What do a German Razor Factory, an American Thermostat Firm and a Drones business led by a Greek entrepreneur have in common? They are all vertically integrated plays.
Backed by Tiger Global, Harry’s, an Internet razor factory, not even a year old acquired a factory near Nurembourg which makes razors which was 93 years old. They have done this in order to control the entire customer experience, while allowing the company to change its products quickly. There are hints of Zara in their approach.
But also of Nest, the so-called thermostat company, which set out to turn unloved items in your home into objects of desire; it was recently acquired by Google for >$3 billion. If you unpack what the Nest team had to understand to do what they did, they had to dealt with the guts of houses and their pipes as well as customer design issues and user behaviour.
What a change! Time was where horizontal (not vertical) tech start-ups were the darling of the Valley Venture Capitalists. Once upon a time the world was PC-centric, and Wintel, the Windows-Intel alliance, ruled the PC Platform. Software was the greatest invention to make people wealthy as the margins were massive once you sold the stuff. Niches had to be found amongst the horizontal layers above the operating systems. Nobody dethroned Microsoft until the world started to move beyond the PC.
Fast forward to the Consumer Electronics Show in Vegas January 2014, and I saw platforms everywhere – the car, the home, the person. Elsewhere we know that the ship, the space rocket ship, the airplane, the train are all becoming platforms as well. How are each of these industries catching up? They are looking for entrepreneurs who are taking a system-level approach to the total customer experience in these new ecosystems around the new platforms.
What defines an ecosystem or a platform I hear you ask? Well, in a multi-stakeholder world, an industry is an ecosystem. It’s a system with a sense of order, natural allies or camps, but not an inherent hierarchy. Those who organise the economics for those ecosystems are the winners. I call those companies platforms.
It’s a good place to be.
Those who touch ground – whether telcos, hospitals, schools, airlines – get regulated, must build infrastructure, pay tax. Infrastructure is a tough place to be. That’s why the technology platform companies are winning – iphone & ios are in the ascendancy, not Vodafone or Telefonica. They leverage the investment that other people are making, and organise the economics for the ecosystem. Upside without the pain.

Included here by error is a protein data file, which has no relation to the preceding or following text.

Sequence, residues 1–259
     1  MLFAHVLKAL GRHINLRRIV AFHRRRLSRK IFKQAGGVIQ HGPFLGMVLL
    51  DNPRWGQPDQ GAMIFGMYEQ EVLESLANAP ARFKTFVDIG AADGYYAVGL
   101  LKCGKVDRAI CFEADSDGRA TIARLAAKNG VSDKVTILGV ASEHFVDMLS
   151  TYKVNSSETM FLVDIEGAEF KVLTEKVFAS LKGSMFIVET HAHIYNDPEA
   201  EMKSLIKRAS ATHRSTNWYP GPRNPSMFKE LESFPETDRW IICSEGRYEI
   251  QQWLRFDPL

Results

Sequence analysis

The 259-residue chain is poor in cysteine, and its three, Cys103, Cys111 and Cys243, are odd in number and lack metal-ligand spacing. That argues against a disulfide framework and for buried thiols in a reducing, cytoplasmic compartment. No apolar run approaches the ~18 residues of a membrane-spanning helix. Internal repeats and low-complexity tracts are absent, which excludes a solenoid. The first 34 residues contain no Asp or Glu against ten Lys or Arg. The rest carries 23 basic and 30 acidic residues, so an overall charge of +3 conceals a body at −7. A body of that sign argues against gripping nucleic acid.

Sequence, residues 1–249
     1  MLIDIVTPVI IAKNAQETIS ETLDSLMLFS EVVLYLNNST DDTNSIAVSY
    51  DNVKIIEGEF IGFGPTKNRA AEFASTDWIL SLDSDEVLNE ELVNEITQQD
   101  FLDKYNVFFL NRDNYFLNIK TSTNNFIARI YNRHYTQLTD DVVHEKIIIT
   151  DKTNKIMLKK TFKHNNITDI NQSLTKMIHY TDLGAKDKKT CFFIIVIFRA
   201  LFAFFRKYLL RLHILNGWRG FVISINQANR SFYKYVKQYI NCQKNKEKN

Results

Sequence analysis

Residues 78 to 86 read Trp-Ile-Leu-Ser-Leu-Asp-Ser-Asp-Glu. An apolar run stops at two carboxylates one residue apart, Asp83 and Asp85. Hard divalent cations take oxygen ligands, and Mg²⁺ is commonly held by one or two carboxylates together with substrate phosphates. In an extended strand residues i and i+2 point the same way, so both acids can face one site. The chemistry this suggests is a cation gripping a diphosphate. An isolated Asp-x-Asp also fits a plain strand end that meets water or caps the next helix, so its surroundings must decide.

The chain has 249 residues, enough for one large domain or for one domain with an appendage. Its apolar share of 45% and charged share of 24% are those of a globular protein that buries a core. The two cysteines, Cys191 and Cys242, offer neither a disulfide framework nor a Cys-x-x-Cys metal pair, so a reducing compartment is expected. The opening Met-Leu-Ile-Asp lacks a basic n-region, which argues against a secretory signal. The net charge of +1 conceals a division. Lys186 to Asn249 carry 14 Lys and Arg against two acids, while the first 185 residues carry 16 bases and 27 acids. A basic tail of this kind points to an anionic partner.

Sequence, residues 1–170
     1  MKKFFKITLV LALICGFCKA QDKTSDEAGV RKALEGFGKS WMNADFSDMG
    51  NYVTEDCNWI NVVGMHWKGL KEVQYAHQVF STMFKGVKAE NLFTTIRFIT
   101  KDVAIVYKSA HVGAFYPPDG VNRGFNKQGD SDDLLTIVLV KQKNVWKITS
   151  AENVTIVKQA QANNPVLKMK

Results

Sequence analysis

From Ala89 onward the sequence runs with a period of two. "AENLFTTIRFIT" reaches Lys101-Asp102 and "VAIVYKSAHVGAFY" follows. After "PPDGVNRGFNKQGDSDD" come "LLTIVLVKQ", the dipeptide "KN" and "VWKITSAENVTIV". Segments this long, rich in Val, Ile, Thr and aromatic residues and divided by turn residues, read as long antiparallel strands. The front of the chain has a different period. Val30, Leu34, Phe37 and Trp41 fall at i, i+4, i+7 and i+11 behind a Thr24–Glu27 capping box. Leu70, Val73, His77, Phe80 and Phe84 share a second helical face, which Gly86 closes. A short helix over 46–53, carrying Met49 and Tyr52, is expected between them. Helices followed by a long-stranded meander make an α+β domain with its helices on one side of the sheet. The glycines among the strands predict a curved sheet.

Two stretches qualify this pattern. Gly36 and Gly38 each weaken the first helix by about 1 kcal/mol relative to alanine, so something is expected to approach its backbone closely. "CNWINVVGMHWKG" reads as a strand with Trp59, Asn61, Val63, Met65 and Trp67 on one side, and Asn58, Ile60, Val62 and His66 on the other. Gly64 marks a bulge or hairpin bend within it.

The challenge for the CEO of a traditional larger enterprise whatever sector is to reimagine their industry as an ecosystem, identify their natural allies, ask what they can do to make in their interests to work collaboratively, and to open themselves up to consumer-orientated applications to run over them. British Gas could have created Nest. British Telecom could have created Skype. Volkswagen or General Motors could have created Tesla.
But they didn’t. They didn’t reimagine their industries as ecosystems, so an entrepreneur did.
The transportation sector is no different. Amazon’s announcement that they were testing drone delivery forced the CFO of every DHL, Fedex, UPS and TNT to do two things before Christmas:
- reforecast their revenue downwards from Amazon
- look for a dance partner in the UAV space.
That’s the thing – again and again – Goliath doesn’t have the clockspeed, rests on his laurels, doesn’t anticipate change much less embrace change, and that gives the David the opportunity. I saw that in 2003 when I had just started advising Skype, and the CEO of a major incumbent telco told me I would lose my shirt with Skype and they would go bust. I responded, ‘how fascinating: you’ve decided to underestimate the entrepreneur who disrupted the entire music industry with Kazaa. Let me tell you – he is so glad you are underestimating him right now. You are buying him time. To change the world.’
Andreas Raptopoulous, Founder of Matternet, is creating a vertically integrated drones company. It is the most loved and inspiring UAV business in an industry which is feared. He aims to create a wonderful total customer experience with drones, re-imaging the way that delivery of necessary goods come to people and their interaction with them. He has to be an expert in robotics as well as customer design. This system-level approach combining hardware and software is making the company one with huge momentum.
So if you want to build a billion dollar company, it’s a hardware & software combination today. The Harry’s, Tesla’s, Nest’s, and Matternet’s show the way.